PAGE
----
Ile a la Crosse students from Rossignol Elementary School hold up their water bottles - a healthy alternative to drinking sugary pop or juice
Photo supplied by Sarah Oosman
Oosman, a community health and kinesiology researcher, worked with elders, teachers and community members to develop a set of lessons focusing on physical activity and nutrition for a grade 3-4 split class. This included in-class physical activity, nutrition and health lessons, along with five-minute physical activity flashcards with fun motions for the whole class to perform and family packs that reinforced the classroom lessons at home.
"The whole program was developed to incorporate Métis culture, for example, using Michif Cree language. We wanted to do this in a way that was culturally appropriate and culturally relevant," Oosman said. Michif is the traditional Métis language, with roots in both Canadian French and Plains Cree.
Historically, Métis people were hunter-gatherers, which meant an active lifestyle and nutritious local food habits. Changes in the environment in which individuals live has led to a more sedentary lifestyle with a greater reliance on sweet and starchy processed foods, contributing to serious health challenges.
Among these is obesity, which can lead to life-threatening health complications such as Type 2 diabetes and heart disease. While this is a danger for people of all ages and backgrounds, Aboriginal populations are disproportionately affected.
Community- based research helps address health challenges with knowledge that the people themselves help to create. Not only did the children demonstrate healthy lifestyle changes, but their families made positive changes, too. The research team interviewed the parents to get an idea of how classroom lessons were translated at home.
"One of the families talked about how the messages sent home opened the environment to talk about pop drinking… and they completely stopped purchasing pop," Oosman said.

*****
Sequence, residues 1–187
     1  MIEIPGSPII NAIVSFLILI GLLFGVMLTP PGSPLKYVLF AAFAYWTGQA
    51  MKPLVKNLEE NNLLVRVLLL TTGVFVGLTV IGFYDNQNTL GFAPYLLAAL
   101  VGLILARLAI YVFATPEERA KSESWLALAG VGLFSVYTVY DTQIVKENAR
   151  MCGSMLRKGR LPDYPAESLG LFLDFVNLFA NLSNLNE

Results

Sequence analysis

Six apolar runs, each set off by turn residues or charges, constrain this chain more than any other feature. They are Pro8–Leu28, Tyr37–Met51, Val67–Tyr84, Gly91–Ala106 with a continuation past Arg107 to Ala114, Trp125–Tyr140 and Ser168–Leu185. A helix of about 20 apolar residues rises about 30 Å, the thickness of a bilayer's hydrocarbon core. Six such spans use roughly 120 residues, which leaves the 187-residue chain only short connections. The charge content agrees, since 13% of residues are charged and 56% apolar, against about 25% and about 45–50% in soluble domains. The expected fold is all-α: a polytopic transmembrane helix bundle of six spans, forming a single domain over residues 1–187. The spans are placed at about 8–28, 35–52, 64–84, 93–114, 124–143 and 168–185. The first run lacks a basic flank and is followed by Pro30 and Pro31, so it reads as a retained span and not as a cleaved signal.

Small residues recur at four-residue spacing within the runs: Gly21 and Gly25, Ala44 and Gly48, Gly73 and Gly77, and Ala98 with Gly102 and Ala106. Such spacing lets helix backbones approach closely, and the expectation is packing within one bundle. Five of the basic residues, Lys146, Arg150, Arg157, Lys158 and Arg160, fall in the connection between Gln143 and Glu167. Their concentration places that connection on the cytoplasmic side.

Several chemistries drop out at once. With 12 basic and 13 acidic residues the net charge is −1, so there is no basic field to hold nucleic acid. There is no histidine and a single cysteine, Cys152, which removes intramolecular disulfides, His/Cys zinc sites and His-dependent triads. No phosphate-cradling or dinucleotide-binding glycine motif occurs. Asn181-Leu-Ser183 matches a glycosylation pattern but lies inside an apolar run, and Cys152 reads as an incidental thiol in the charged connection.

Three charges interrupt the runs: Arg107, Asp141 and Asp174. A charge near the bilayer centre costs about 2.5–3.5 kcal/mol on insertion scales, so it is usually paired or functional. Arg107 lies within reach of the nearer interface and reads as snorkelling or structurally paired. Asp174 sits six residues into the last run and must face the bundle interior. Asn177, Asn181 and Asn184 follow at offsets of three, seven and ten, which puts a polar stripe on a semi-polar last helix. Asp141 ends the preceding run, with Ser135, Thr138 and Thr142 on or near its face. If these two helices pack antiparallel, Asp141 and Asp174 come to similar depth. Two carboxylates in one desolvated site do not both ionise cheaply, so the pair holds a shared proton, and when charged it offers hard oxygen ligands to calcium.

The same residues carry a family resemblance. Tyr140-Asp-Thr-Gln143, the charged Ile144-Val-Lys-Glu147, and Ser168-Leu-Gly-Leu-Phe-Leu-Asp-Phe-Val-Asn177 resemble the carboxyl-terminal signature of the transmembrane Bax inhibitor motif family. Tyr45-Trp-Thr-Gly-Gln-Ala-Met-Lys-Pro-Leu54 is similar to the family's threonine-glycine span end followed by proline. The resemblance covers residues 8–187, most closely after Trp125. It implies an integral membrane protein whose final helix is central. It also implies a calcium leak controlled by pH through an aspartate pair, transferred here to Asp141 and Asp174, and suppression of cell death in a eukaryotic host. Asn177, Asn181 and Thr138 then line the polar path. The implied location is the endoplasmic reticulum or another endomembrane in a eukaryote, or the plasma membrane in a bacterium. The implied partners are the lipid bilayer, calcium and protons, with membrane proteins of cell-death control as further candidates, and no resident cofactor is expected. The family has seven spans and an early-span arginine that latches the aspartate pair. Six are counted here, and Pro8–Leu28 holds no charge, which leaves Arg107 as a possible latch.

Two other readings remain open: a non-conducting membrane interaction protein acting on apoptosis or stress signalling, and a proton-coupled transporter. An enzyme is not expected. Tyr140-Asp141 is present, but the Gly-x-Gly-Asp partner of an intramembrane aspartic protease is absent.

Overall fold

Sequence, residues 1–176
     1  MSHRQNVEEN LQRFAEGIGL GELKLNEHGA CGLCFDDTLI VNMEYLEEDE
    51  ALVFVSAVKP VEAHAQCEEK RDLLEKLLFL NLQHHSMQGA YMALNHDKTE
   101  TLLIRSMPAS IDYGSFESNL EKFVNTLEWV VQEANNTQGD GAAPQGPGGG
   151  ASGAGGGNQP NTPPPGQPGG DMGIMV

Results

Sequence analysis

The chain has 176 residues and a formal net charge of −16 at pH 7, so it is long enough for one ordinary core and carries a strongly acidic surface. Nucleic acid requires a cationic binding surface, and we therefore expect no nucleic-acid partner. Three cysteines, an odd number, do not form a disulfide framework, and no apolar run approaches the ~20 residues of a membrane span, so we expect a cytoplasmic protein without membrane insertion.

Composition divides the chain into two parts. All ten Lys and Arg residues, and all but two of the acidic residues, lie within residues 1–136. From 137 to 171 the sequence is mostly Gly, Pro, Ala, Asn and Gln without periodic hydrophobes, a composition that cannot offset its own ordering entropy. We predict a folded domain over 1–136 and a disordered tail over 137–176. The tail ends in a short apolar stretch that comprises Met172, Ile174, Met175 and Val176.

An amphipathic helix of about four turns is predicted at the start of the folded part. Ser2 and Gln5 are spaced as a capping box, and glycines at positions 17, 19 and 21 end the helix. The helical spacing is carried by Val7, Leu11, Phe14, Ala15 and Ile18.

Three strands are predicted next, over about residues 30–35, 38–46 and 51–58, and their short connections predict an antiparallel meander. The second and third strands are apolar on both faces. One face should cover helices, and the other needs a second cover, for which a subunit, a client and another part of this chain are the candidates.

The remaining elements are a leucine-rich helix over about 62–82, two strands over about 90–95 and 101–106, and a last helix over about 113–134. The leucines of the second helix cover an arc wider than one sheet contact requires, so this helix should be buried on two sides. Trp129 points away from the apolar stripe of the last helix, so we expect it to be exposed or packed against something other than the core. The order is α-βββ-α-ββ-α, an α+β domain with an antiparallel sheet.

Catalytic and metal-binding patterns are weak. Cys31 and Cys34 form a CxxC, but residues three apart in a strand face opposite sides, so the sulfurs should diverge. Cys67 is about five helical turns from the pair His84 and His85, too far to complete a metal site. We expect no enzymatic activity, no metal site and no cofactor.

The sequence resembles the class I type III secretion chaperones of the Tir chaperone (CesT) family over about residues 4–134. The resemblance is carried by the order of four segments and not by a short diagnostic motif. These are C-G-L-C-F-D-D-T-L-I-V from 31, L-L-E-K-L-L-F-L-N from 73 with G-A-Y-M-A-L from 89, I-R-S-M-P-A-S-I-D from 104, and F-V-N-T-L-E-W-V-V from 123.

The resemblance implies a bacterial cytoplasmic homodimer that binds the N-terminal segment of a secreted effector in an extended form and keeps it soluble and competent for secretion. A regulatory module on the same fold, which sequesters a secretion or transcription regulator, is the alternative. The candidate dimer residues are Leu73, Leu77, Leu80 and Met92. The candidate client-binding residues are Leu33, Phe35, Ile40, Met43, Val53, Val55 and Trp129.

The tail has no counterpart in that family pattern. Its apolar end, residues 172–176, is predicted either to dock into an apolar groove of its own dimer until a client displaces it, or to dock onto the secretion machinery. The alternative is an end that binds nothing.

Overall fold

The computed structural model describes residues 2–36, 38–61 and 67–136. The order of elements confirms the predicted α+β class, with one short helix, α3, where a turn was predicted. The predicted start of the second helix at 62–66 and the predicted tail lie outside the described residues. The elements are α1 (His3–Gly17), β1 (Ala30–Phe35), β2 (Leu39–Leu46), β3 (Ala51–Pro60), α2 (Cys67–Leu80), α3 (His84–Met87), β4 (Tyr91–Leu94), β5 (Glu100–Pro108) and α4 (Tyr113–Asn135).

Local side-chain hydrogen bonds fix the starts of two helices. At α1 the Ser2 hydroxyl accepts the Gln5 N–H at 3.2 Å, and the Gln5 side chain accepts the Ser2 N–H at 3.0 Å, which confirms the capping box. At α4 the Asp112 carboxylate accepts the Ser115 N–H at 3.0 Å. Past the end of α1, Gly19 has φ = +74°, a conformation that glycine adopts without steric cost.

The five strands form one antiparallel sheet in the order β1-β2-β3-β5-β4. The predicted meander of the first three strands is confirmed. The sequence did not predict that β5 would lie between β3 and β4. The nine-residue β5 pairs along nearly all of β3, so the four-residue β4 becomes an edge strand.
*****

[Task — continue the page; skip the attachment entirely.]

To help get the childrens' personal perspectives, the team used "photovoice," a research method that combines pictures and words. They encouraged them to take photographs of "Things You Eat" and "Things You Do," and explain why the images were important to them.
When the classroom program ended in December 2010, the class had more pictures of fruits and vegetables than they had when they started that September. A handful of students had even selected more culturally significant food subjects, like bannock and cranberries. As for things to do, the local playgrounds were a popular photo subject, reflecting both the childrens' increased interest in active play and the importance of the community's play-enabling equipment. Oosman said the community did a great job providing ways for people to be active.
"We found that a lot of the photos and interviews highlighted access to equipment like cross-country skis and skates," she said.
Just as encouragingly, the students in the healthy learning program kept just as active as weather got gloomy in winter. Normally as the temperature drops people spend more time watching TV, reading, or on their computers, but these students spent no extra time at these activities.
The Ile a la Crosse project was funded through the Indigenous Peoples Health Research Centre (IPHRC), which encourages community based and interdisciplinary Aboriginal health research. The funds paid for a variety of tools to test the effectiveness of the education program, from questionnaires to accelerometers to track the childrens' movements.
Oosman's work in Ile a la Crosse has already attracted national attention. In 2010, she was one of three recipients of the Scientific Director's Award of Excellence from the Canadian Institutes of Health Research Institute of Aboriginal Peoples' Health (CIHR-IAPH).
Note to media: Participants from the Ile a la Crosse healthy living community research project are available for interviews upon request to any of the contacts below.
For more information, contact:
University of Saskatchewan
Indigenous Peoples' Health Research Centre (IPHRC)
University of Saskatchewan